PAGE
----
Morgan Spurlock in the movie”Supersize Me” makes us think twice about eating at fast food places too often.  He actually did an experiment on himself by eating fast food day and night for a month at McDonald’s and noticed how adversely it affected his own health!(Ref.9)

CAFO, or concentrated animal feeding operations or factory farms, keep animals in small confined spaces to feed and take care of them before butchering them for meat.  There have been enough studies done to show that the process is inhumane and unhealthy.(Ref.10)

References:

1. Pollan, Michael, Omnivore’s Dilemma (Penguin Press,2006)

2.Pollan, Michael, Cooked (Penguin Press,2013)

3.Moss, Michael, Salt, Sugar, Fat (Random House,2013)

4.http://www.rodalewellness.com/health/canned-soup

5.http://www.chemspider.com/Chemical-Structure.6371.html

6.http://peopleforethicalliving.com/health-and-fitness/food-choices-nutrition/dangerous-food-additives/

7.Lappe, Frances Moore,Food First (Souvenir Press Ltd.,1980)

8.http://www.regainedwellness.com/supermarket-psychology/

9. Supersize Me! the movie with Morgan Spurlock

10.Foer,Jonathan Safran ,Eating Animals (Little Brown and Co.,2009)

 

 

 

 

 

 

 

 

 

 

 

 

 

 

 

 

 

 

 

 

 

 

 

 

 

 

 

 

Science Makes Sense- Week 39:Organic Chemistry,Lipids, oils and fats

June 21, 2016

Almost every child in America gets its first taste of fast food with a packet of fries: Mmmm…so good! As children we grew up with occasional treats of fried potatoes that were irresistible. When I first landed in the U.S.,I always bought a bag of potato chips to remind me of fried food in India.
Oil has a unique way of adding flavor to any food. Today let us look at the chemistry of oils. Lipids are biological chemicals that do not dissolve in water.(Ref.1) These are a group of fat soluble compounds found in the tissues of plants and animals. Fats and oils are a sub-set or subgroup of lipids and are basically storehouses of energy. But lipids play an important role in the formation of cellular membranes,cellular signaling, nutrient functions with relationships to vitamins A,D,E,and K as well as being storehouses of energy. Furthermore, lipids are complex molecules with carbon, hydrogen and oxygen as well as nitrogen and sulfur and other small constituents.(Ref.2)
Fats and oils share a common molecular structure; fats are solids at room temperature, oils are liquids. What is the molecular structure?
They are esters of tri-alcohols, i.e., three -OH groups,also called glycerols,hence fats and oils are also commonly known as glycerides.  An ester has the H in the -OH group replaced by  a carbon chain and since there are 3 -OH groups there could be three different carbon chains called R1, R2 and R3 respectively.(Ref.1)  Remember that an ester in organic chemistry is like a salt in inorganic chemistry .  A salt is the neutralization reaction between a base/alkali and an inorganic acid, whereas an ester is a similar kind of neutralization reaction between an alcohol and an organic acid.   The more accurate name would be Triacylglycerols.   Hydrolysis (or reaction with water) of fats leads to glycerols and fatty acids.(Ref.1)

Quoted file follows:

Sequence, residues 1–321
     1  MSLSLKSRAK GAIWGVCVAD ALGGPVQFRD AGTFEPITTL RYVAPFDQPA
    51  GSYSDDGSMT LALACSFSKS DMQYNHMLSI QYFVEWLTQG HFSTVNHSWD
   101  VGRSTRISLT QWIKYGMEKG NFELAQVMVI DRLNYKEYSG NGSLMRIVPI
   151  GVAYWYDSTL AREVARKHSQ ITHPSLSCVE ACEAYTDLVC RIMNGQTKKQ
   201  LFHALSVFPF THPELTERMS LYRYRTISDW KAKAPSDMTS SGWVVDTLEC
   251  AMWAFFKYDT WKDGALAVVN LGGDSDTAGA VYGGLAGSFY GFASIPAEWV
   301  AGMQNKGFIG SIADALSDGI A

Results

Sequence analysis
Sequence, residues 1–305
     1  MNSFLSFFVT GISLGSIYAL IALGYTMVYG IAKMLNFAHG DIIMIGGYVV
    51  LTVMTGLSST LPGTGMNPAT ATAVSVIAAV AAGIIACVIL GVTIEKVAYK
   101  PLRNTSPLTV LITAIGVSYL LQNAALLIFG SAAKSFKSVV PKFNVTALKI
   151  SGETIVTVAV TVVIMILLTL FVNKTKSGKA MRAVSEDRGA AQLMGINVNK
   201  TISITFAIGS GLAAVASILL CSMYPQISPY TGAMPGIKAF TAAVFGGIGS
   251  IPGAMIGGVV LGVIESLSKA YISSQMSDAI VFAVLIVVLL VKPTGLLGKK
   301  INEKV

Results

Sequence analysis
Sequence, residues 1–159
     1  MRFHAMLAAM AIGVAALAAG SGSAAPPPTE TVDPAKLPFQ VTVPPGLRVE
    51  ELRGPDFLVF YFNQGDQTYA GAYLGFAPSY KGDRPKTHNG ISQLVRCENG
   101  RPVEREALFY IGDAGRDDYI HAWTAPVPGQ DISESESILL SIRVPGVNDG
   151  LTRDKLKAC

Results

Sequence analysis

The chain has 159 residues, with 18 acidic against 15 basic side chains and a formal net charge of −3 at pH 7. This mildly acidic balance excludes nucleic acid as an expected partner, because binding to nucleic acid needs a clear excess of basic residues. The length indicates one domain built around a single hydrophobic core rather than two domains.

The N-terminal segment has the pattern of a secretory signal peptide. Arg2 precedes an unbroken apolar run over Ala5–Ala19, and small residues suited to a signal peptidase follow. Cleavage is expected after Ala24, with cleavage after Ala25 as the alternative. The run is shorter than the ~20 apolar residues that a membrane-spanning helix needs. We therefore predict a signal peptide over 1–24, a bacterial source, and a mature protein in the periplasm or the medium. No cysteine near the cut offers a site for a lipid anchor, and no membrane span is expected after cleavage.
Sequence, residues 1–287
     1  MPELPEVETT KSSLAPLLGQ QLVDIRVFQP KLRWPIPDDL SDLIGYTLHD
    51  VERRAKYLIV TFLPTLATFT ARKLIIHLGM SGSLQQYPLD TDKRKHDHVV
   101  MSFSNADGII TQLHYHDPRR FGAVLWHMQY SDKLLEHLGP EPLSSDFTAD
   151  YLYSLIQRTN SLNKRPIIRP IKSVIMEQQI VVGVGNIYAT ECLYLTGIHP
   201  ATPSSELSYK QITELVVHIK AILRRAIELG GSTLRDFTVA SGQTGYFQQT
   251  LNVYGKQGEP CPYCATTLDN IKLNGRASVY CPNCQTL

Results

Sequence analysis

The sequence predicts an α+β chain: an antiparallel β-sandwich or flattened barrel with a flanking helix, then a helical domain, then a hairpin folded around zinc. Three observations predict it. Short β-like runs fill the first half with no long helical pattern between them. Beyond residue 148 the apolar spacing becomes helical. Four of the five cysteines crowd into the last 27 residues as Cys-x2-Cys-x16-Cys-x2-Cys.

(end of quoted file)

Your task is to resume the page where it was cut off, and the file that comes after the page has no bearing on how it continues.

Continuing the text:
Triglyceride molecules contain carbon and hydrogen molecules and usually six oxygen atoms in every molecule.  This makes them highly reduced or unoxidized.  They resemble the hydrocarbons in petroleum and are good sources of fuel.  In fact the normal human body stores fats as fuel/ energy for several weeks’ survival.  Plants too do the same thing and this allows them to deal with unpredictable sources of food supply.(Ref.1)

A triglyceride is called a fat if it is a solid at 25°C, if it remains a liquid at this temperature, it is termed an oil.  The difference in melting point reflects the difference in the degree of unsaturation and number of carbon atoms in the original fatty acids that resulted in the triglyceride. (Ref.3)

Pure fats and oils are colorless,odorless and tasteless.  They are lighter than water, their densities are usually around 0.8gm/cc. They are poor conductors of heat and electricity and hence are excellent insulators for the body, slowing the loss of heat through the skin.(Ref.3)

The double bonds in fats and oils can undergo hydrogenation as well as oxidation.  The hydrogenation of oils is used commercially to produce margarine.  Most fats are obtained from animal sources whereas most plant sources produce oils.  Saturated fats/oils are derived from saturated fatty acids ( less or no double bonds) while unsaturated fats/oils are derived from unsaturated fatty acids ( more double bonds).  The high consumption of saturated fats, along with high cholesterol leads to increased risks of heart disease..(Ref.3)